For as long as distance education has been available (and that includes correspondence courses going back at least as far as the 19th century) much of it has been devoted to providing education to groups who wouldn’t have been reached by more traditional approaches.  An interesting consequence of the interest in electronic tools for learning is the number of influential thinkers who are based in remote parts of Australia or Canada, or who work with students who might be classed as ‘widening participation’  Working inAthabasca University, which is an established distance learning institution based in Canada, George Siemens falls into both these categories, though the TED talk is worth a browse for the bit at 2:47 where he explains where he comes from originally, and why that matters.

MOOCs in the Times Higher

December 7, 2012

This week’s cover story in Times Higher Education is about MOOCs.  It’s worth reading this electronic version from the bottom up, because, whatever the rights and wrongs of the criticisms posted by David Kernohan of JISC (an organisation that supports innovative digital technology in British universities), he’s provided some interesting links.  And this Twitter exchange is telling in that he’s clearly hoping to provide material for a follow-up article

Watch out for the MOOCs

November 20, 2012

David’s question about what a 21st century university might look like arrived, by chance, just at the same time that I saw this from Clay Shirky, who is interested in one particular online player – Udacity – which depends on using a MOOC (massive open online class).

Clay Shirky is a very eminent figure, and his explanation of the MP3 file as an example of how a seemingly obscure technological development can precipitate disruptive change is a powerful one.  So it’s with some trepidation that I take issue with him.  But the Internet thrives on debate, so I’ll do so on a couple of specific points.  His discussion of the role of quality, and the limitations on the sound quality from an MP3 file or the educational quality of participation in a MOOC, is interesting and is relevant to disruptive innovation.  Because it’s a typical characteristic of disruptive innovations that they are ignored because innovative products and services aren’t perceived as being good enough, only for the products and services to improve gradually until they become serious threats.  This is the lesson of observers who might have dismissed Apple in the 1980s as frivolous because they sold personal computers costing several thousand pounds, or who would have ignored Skype because it offered inferior sound quality to a phone line.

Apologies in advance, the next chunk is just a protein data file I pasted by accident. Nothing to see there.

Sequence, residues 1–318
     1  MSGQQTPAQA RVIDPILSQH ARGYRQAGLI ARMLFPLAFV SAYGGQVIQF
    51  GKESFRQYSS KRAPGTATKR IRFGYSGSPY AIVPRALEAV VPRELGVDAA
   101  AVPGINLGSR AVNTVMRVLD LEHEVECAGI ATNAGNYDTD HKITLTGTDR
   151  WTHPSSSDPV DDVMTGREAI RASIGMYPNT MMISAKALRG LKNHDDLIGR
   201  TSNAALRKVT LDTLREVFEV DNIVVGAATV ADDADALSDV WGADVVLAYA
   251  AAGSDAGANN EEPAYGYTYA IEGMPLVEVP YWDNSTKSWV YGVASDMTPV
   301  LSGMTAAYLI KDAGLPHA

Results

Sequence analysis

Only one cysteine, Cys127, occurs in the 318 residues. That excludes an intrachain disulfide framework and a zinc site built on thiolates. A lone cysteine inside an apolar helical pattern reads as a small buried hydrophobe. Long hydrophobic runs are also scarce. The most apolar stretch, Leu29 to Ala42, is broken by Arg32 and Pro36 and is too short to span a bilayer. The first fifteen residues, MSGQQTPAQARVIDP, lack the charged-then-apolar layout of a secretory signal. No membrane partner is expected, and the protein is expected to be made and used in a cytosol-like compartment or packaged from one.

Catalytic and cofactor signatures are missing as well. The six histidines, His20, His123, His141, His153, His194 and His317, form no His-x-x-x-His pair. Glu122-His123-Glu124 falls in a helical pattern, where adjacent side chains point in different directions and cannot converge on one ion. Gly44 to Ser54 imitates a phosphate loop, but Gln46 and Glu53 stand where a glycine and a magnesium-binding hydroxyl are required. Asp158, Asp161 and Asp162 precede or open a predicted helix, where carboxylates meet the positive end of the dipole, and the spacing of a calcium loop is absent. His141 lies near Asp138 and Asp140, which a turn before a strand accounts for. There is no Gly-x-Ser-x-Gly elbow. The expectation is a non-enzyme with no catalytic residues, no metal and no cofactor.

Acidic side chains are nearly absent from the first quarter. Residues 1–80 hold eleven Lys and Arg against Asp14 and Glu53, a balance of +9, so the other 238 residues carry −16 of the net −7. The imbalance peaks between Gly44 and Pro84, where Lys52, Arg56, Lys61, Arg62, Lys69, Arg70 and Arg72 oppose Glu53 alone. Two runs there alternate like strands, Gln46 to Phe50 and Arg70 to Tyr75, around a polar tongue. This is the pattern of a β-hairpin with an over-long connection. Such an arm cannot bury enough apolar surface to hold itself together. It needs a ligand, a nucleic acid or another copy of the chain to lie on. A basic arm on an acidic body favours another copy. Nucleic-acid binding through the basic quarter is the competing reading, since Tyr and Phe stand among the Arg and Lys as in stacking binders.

But most recorded music isn’t played through expensive equipment in an acoustically perfect environment.  So it’s reasonable to assume a ‘satisficing’ effect, that once the technology to play music had reached a certain sound quality there wouldn’t be much pressure to improve on that.  Which explains partly the success of MP3: it may not be a perfect format but for most listeners it’s good enough.

So, if you were to go back a decade to the start of the digital music revolution, I don’t think that sound quality would have been perceived as the barrier to wider use of MP3s.  Instead, I think you would have found a tacit assumption that, because the previous technologies for recording music, whether they had been phonograph cylinders or CDs, depended on the music being associated with a physical artefact, people who bought music would still have wanted the sense of possessing some such artefact.  Perhaps the ultimate expression of the importance of this artefact was t the interest accorded to the artwork on album covers.  The MP3 was disruptive because it removed the coupling between the recorded music and the artefact.  But when it first became available it wasn’t at all obvious that this would be acceptable to the market.

So what has this to do with MOOCs?  I’d suggest that if we’re looking for a technology that really has the scope to disrupt higher education, we shouldn’t just be looking at quality or engagement.  We shouldn’t just be preoccupied with whether lectures and tutorials offer the sort of interaction and coordination seen among musicians playing a string quartet (or a jazz piece, or a concerto, which I think is a particularly powerful metaphor for a lot of learning).  Instead we should be looking for technologies which can decouple the student experience from the physical university in new ways.